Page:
The Irish Language Act and the provisions it might contain are at the heart of the disagreement between the DUP and Sinn Féin in their deadlocked efforts to agree on the restoration of power-sharing.

Conradh na Gaeilge, the Irish language support group, made a number of recommendations in a discussion document. 

Below are some of its recommendations from that publication - Irish Language Act, Discussion Document - published on 15 March 2017:

- To establish a central translation department in the office of the power-sharing executive. This ten person unit would facilitate correspondence in Irish in the Assembly and a translation of bills and other publications. Estimated set-up cost £100,000. Yearly costs estimate for two interpreters, two law translators, five translators and a director - £500,000. (Working date - immediately)

- Any MLA or member of the public should have the right to use Irish when they are engaging in debates in gathering Assembly or as part of the work of the committees and sub-committees of Stormont (working date - immediately)

- Court Proceedings in Irish - to allow for court proceedings, such as in the Family Court etc, to be heard in Irish, if both parties agree (working date - within five years)

- Civil Actions - to allow for civil actions against the state to be taken and heard through Irish.  That is, that the court proceedings in these actions are done through the medium of Irish, if that is what the complainant would like (working date - within five years)

- Road Signs - Road signs should be bilingual.  It is important that Irish is visible - it should not be in a different print or smaller. (Working date - gradually with an upper limit of nine years)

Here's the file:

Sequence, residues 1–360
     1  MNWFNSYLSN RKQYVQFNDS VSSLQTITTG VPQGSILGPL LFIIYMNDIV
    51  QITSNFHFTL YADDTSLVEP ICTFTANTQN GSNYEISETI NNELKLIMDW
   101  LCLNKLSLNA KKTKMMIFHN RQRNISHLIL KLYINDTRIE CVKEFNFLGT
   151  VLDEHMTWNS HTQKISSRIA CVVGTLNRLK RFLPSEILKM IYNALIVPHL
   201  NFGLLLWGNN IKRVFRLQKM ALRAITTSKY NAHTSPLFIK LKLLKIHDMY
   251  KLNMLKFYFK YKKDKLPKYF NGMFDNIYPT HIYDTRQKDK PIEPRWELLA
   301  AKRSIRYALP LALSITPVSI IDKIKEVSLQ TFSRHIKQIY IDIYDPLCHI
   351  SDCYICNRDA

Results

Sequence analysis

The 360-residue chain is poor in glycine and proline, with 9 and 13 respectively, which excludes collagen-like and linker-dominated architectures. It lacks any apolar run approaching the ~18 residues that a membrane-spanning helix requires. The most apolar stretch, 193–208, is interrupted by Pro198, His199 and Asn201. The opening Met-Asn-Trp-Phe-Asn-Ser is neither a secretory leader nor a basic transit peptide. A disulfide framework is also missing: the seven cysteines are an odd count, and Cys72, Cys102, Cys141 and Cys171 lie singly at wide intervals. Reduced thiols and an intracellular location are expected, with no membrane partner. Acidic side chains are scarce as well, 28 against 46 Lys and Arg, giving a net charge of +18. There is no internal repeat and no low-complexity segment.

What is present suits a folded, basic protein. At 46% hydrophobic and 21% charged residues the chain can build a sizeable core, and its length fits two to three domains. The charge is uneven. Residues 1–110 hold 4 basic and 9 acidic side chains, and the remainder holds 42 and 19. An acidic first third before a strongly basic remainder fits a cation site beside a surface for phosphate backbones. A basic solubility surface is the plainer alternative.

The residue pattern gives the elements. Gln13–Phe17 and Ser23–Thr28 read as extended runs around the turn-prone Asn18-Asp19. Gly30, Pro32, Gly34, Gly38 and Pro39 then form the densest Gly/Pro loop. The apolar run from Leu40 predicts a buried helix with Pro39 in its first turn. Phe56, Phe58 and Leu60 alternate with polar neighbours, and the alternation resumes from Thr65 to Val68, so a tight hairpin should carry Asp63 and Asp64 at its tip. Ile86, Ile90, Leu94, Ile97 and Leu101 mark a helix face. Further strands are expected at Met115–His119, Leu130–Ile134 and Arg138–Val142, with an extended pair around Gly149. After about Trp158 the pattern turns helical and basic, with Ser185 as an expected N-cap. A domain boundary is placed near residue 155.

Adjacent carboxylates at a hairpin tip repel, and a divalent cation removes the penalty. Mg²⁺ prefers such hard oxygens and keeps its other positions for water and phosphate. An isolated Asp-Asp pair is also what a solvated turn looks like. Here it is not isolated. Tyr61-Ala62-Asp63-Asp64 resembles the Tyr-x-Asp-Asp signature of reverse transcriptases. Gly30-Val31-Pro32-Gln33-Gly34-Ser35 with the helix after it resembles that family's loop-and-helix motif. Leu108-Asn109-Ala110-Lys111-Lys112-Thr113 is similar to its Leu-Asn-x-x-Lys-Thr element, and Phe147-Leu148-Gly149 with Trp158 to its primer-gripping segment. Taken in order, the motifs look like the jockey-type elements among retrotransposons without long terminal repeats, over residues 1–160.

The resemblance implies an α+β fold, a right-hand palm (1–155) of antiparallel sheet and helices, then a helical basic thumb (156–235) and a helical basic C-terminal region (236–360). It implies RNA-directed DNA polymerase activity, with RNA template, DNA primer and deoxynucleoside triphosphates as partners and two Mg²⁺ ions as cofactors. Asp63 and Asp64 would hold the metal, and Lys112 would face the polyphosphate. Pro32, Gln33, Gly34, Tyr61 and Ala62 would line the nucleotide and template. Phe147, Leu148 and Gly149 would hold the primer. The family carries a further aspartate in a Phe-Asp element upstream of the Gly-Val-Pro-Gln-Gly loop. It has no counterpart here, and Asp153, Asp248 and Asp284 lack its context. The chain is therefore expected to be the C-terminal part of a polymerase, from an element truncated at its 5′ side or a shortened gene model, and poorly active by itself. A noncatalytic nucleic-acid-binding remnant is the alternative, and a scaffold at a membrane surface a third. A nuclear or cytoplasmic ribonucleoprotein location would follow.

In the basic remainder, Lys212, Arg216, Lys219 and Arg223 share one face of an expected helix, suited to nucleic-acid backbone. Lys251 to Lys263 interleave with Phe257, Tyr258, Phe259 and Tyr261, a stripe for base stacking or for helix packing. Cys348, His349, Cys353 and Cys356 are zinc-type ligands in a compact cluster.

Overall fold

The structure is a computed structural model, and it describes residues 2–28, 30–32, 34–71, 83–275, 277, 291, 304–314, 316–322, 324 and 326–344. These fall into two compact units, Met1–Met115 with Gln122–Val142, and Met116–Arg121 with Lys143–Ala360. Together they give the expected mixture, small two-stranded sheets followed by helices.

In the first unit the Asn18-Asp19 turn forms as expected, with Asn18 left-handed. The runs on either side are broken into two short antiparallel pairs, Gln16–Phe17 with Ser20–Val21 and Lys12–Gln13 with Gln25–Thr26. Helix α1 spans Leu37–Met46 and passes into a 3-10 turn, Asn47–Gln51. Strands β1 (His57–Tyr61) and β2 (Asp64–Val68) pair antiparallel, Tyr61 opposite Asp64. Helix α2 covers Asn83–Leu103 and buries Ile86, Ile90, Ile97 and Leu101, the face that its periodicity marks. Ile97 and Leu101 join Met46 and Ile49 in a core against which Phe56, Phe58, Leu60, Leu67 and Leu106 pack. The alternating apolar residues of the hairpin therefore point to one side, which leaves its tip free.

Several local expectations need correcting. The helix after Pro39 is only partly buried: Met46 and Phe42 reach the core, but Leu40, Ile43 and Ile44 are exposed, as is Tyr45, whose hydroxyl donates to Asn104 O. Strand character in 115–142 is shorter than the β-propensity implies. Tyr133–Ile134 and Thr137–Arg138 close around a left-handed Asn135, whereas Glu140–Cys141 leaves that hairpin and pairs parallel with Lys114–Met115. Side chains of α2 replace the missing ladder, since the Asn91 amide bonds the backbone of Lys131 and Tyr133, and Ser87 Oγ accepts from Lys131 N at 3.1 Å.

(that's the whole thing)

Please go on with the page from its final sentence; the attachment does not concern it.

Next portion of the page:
- The establishment of the Office of the Language Commissioner - to ensure the implementation of the provisions set out in the Irish Language Act, the office of the Language Commissioner shall be established and a language Commissioner shall be appointed.

The Commissioner would have powers of investigation, to establish if the complaints that come through are justified; that the Commissioner have the the powers to make critical reports and statements, publicly if necessary, similar to the model in existence in Wales, that the Office of the Language Commissioner would have  powers to service fines of the case of serious failings by a public body in relation to its statutory obligations.  Yearly Costs £300,000 to £400,000 per year.  (Working date - immediately)

- Irish Language Broadcasting on the BBC: At present ten times more money is spent on Scottish Gaelic services on the BBC than Irish language services, despite the fact that there are more Irish speakers in the north than there are Scottish Gaelic speakers in Scotland, according to the census. We estimate that the BBC would need to spend £10 million on Irish language services (up from £2m as is currently the case).  This is an opportunity, as more money from the BBC would be spent in the North.  Cost to come from current BBC budget. (Working date - immediately)